Helping Yourself

Helping Yourself

Getting help for your mental health can be hard. You may be holding many different experiences, emotions, or thoughts that you keep inside due to shame, stigma, or because you are not sure where to turn. Your views towards mental health, understanding of your own emotional health, or comfort seeking help may differ based on your personal life experiences or cultural context. One way to support your mental health is to recognize your own personal signs and to acknowledge that you are struggling. Once you are aware, there is a lot you can do to help yourself feel better. This includes sharing with people you trust, engaging in coping strategies, or seeking professional support.

What are some signs that I’m struggling?

  • Stress
    • Irritability, sadness, or worrying about the future
    • Lack of energy or inability to relax
    • Physical complaints (headaches, muscle tension, digestive discomfort)
  • Distress
    • Sudden changes in your mood/anxiety levels
    • Patterns of behavior (issues with sleep/motivation; multiple absences)
    • Expressions of distress (talking, texting, emailing, posting about distress)
  • Crisis
    • Suicidal/homicidal thoughts, statements, or attempts (view these Warning Signs for Suicide)
    • Self-harm (cutting, burning)
    • Extreme anxiety or panic (difficulty breathing)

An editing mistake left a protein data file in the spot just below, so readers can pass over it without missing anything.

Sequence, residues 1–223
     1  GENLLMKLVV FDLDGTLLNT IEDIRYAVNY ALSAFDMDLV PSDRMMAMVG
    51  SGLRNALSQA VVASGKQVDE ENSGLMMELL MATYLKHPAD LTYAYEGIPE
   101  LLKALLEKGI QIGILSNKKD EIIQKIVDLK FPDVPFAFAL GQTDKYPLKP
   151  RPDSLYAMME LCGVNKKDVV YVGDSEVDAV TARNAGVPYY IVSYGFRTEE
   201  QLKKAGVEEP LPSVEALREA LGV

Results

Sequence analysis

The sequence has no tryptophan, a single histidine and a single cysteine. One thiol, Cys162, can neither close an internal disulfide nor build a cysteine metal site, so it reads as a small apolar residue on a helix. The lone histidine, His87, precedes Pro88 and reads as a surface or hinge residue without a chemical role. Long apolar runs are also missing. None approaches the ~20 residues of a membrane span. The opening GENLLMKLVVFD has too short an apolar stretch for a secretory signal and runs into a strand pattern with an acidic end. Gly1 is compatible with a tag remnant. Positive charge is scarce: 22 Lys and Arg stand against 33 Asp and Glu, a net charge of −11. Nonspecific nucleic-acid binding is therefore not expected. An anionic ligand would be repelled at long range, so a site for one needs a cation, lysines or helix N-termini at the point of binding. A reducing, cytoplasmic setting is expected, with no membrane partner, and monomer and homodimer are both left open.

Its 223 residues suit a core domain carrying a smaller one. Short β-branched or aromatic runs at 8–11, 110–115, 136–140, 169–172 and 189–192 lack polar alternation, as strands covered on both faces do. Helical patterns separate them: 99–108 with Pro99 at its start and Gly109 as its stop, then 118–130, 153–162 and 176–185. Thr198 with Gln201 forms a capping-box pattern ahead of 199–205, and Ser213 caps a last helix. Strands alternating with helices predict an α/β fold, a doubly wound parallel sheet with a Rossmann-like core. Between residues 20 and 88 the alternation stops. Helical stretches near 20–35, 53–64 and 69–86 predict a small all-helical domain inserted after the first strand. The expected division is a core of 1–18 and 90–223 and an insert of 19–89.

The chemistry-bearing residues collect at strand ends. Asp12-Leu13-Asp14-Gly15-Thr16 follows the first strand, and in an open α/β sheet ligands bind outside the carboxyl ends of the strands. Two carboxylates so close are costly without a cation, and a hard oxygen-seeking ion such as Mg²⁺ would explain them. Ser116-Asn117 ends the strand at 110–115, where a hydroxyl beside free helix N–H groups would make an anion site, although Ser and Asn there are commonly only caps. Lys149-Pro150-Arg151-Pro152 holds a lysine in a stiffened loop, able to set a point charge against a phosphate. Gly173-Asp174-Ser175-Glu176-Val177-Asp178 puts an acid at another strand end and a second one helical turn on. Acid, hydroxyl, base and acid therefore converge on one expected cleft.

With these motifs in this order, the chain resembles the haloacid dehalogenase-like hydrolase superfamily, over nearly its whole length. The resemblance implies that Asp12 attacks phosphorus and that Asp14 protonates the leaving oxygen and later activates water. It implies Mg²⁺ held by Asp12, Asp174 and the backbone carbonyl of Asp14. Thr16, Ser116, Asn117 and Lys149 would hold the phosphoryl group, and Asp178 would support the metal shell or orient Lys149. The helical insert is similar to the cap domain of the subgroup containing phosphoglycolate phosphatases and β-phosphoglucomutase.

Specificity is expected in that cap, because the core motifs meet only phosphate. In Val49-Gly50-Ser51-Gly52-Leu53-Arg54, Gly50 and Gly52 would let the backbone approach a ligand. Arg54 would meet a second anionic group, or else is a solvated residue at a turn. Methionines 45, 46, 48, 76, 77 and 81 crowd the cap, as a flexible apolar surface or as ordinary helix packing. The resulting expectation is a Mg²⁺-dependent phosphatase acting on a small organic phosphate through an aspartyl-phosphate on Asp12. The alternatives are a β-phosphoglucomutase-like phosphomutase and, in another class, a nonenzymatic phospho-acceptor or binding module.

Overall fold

• A loss of contact with reality (seeing/hearing things that are not there)

Why is sharing so important?
Watch I SHARE: Connection, Healing, & Hope to hear Penn students discuss the power of sharing and how they got support.

When should I seek professional support?
It is never too early to reach out for support! Being proactive can help you feel listened to, gain insight, and learn Tips & Tools to cope before things get worse. Wellness at Penn recognizes that many people have experienced health disparities or challenges accessing culturally-informed treatment. We are here to provide multicultural counseling, services, and treatment to support our diverse student body.

If you’re unsure whether to get help, you can always call (215-898-7021) 24/7 or drop into the counseling center (3624 Market Street, First Floor) to check in or reach out to an anonymous resource under Get Help Now.